How rising food and energy prices affect the economy
This was originally posted on Elements. Join the free mailing list to get great views of natural resource megatrends in your email every week.
Since the Russian invasion of Ukraine, the effects of power outages have been cascading across everything from food prices to electricity to consumer sentiment.
In response to the surge in prices, many OECD countries are tapping into their strategic oil reserves. In fact, since March, the United States has sold a record one million barrels of oil per day from these reserves. This, among other factors, has led to gasoline prices falling more recently, but deficits could occur in 2023, causing prices to rise.
With data from the World Bank, the above infographic illustrates the energy shocks over the past half century and what it means for the forward-looking global economy.
Energy price shock since 1979
How does today’s energy price shock compare to previous peaks in real terms?
|US $ / bbl equivalent||Raw oil||Natural gas||Coal|
|2022 *||$ 93||$ 170||$ 61|
|2008||$ 127||$ 100||$ 46|
|1979||$ 119||$ 72||$ 33|
* Forecast 2022
As the table above shows, the annual price of crude oil is expected to be average $ 93 per barrel equivalent in 2022. By comparison, during the 2008 and 1979 price shocks, crude oil averaged $ 127 and $ 119 per barrel, respectively.
What distinguishes the energy peak of 2022 is that prices have soared on all fuels. Where in the past price shocks were more or less isolated, many countries such as Germany and the Netherlands are looking for coal to compensate for oil supply disruptions. Meanwhile, natural gas prices in Europe have hit record highs.
Food prices have also gone up. Driven by rising fuel, chemical and fertilizer input costs, agricultural commodity prices are expected to rise 18% in 2022. Fertilizer prices alone could rise 70% partly due to Russia’s dominance of the global fertilizer market, exporting more than any other country in the world.
What are the 3 knock-on effects of rising energy prices?
Oil feeds on almost everything from food to smartphones. In fact, the price of oil affects up to 64% of food price movements.
How could energy and food shocks affect the world economy in the near future and why is so much oil price dependent?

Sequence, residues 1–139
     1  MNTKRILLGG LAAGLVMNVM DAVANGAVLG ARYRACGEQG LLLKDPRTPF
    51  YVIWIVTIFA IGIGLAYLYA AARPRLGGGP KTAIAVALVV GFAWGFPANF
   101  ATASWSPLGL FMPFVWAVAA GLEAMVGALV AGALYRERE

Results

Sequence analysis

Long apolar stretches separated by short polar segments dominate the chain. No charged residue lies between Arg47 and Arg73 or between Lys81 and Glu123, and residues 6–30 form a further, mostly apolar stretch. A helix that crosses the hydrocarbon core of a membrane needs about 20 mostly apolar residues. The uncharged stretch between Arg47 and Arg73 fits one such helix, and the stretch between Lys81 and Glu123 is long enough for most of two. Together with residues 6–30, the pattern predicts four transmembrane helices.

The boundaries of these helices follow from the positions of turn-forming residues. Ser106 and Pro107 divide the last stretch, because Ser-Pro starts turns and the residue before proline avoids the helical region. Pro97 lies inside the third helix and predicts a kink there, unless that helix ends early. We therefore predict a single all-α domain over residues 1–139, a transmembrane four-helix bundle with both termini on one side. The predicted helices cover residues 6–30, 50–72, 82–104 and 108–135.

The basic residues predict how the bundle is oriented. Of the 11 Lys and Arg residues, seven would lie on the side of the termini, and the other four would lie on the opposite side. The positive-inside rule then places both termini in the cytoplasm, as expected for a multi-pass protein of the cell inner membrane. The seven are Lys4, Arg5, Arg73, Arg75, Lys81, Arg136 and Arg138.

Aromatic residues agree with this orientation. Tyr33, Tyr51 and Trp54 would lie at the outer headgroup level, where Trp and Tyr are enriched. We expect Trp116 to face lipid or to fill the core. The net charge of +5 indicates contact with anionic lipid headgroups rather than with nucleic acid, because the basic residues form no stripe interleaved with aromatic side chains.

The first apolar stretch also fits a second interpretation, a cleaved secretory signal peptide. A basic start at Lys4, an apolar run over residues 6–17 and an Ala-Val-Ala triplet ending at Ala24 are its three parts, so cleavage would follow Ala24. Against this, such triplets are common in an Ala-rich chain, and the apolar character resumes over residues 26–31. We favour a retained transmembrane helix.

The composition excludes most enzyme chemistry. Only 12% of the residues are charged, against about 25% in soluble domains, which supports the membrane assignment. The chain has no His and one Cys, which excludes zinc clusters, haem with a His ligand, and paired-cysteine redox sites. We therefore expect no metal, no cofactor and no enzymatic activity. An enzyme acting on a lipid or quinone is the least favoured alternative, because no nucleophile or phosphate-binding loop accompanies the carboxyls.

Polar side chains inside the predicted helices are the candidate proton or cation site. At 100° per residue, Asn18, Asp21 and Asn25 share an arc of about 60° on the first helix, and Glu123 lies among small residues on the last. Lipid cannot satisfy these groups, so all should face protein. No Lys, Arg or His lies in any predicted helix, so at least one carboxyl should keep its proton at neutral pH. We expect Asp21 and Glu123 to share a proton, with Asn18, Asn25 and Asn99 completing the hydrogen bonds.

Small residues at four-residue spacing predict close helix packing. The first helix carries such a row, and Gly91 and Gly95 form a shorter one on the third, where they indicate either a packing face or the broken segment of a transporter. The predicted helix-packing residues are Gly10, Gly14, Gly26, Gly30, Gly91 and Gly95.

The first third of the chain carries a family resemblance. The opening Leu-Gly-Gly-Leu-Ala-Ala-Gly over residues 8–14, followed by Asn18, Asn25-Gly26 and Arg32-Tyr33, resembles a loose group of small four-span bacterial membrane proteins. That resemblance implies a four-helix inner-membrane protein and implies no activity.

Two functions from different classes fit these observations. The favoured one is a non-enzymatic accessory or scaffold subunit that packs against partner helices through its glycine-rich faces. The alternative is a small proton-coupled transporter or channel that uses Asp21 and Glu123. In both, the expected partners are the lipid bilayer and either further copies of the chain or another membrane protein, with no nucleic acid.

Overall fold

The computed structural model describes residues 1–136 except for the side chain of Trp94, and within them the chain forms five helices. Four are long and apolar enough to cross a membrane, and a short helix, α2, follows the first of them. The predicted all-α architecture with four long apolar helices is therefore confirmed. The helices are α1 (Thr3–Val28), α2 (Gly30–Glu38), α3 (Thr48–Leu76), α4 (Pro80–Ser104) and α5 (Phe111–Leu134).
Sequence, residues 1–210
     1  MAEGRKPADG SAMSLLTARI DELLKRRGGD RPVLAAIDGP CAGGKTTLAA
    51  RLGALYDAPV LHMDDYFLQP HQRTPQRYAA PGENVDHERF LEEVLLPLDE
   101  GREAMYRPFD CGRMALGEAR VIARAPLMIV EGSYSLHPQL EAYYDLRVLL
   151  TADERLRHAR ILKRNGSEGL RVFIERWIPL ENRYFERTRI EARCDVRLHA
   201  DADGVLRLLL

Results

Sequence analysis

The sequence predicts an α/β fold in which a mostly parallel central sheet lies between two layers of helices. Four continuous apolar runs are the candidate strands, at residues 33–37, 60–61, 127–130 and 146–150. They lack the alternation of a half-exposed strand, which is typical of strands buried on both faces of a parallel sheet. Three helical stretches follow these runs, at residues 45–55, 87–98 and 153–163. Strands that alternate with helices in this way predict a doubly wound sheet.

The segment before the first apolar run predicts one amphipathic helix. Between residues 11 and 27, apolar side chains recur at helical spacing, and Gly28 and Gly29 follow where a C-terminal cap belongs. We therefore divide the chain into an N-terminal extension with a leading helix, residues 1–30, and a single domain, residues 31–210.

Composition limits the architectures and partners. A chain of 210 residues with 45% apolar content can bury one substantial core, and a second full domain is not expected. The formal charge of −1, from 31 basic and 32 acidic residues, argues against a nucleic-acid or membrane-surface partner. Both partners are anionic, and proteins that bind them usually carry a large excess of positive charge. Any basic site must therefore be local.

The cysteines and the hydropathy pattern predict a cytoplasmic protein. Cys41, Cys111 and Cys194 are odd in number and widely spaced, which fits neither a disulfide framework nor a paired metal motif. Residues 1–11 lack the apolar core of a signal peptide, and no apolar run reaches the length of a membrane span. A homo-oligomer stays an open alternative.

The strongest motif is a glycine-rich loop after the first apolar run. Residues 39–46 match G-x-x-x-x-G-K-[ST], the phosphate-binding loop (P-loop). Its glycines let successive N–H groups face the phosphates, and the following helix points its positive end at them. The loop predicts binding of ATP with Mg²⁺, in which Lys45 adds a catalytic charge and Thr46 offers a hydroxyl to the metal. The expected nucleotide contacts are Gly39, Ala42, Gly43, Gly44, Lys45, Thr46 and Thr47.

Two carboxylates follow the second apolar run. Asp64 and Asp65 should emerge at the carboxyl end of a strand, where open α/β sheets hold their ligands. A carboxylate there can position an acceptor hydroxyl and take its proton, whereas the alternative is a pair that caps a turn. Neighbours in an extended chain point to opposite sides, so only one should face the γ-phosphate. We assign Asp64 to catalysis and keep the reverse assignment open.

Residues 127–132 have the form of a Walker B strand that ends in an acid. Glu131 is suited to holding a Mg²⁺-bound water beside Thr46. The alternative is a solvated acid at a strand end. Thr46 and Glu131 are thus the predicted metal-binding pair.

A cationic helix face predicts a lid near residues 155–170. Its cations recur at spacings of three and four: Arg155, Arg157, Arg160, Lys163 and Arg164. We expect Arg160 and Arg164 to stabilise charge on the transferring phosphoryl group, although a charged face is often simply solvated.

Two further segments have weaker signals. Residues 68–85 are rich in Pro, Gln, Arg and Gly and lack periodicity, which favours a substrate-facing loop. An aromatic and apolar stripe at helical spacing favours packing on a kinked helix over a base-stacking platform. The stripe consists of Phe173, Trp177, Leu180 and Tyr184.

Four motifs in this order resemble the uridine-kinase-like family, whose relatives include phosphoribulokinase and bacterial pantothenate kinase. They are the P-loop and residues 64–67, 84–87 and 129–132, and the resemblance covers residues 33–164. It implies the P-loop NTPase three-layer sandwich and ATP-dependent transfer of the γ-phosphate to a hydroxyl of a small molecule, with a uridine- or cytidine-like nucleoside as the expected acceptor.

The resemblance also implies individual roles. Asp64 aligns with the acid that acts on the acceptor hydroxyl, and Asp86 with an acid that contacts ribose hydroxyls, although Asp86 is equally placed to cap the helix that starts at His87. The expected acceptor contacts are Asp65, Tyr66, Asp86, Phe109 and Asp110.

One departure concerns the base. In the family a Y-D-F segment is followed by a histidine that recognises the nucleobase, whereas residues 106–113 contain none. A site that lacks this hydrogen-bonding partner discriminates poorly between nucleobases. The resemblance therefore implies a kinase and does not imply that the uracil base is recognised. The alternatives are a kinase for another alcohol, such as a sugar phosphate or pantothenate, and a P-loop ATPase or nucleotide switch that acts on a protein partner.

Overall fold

1. Increase in global inflation
In 2022, inflation has become a global phenomenon, affecting 100% of advanced countries and 87% of emerging markets and developing economies analyzed by the World Bank.
|Countries with above target inflation||2019||2020||2021||April 2022|
|Emerging markets and developing economies||20%||20%||55%||87%|
The sample includes 31 emerging markets and developing economies and 12 advanced economies
By contrast, around two-thirds of advanced economies and just over half of emerging markets experienced above target inflation in 2021.
This contributed to tighter monetary conditions. The table below shows how the rise in inflation in the United States has matched the interest rate hikes since the 1980s:
|Date||Core CPI at the start of the cycle||Extent of rate increases
During the tightening cycle
2023 is an estimate based on market expectations of the Fed Funds rate level in mid-2023. US Core CPI for 2023 based on the latest available data.
In many cases, as the US quickly tightened monetary policy in response to price pressures, emerging markets and developing economies experienced financial crises due to rising borrowing costs.
2. Slower global growth
Energy price shocks could add more barriers to global growth prospects:
|Global growth scenarios||2021||2022||2023|
|Including Fed tightening||2.6%||2.4%|
|Including the spike in energy prices||2.2%||1.6%|
|Including China COVID-19||2.1%||1.5%|
Together, price spikes, aggressive monetary policy and the COVID-19 freeze in China could negatively impact global growth.
3. Increase in food insecurity and social unrest
Even before the 2022 energy price shock, global food insecurity was increasing due to COVID-19 and mounting inflationary pressures.
|Number of people suffering from acute food insecurity||2020||2021|
|Middle East and North Africa||30M||32M|
|Latin America and the Caribbean||12M||13M|
Continued food shortages and high food prices could send millions of people into severe food insecurity.
Furthermore, high fuel and food prices are often linked to mass protests, political violence and riots. While Sri Lanka and Peru have already started to see escalating riots, Turkey and Egypt are also at risk of social unrest as the cost of living accelerates and food insecurity worsens.
Since World War II, oil price shocks have been a major brake on economic growth. As the war in Ukraine continues, the prospects for today’s energy market are far from clear as a number of geopolitical factors could influence oil price movements and its corresponding effects.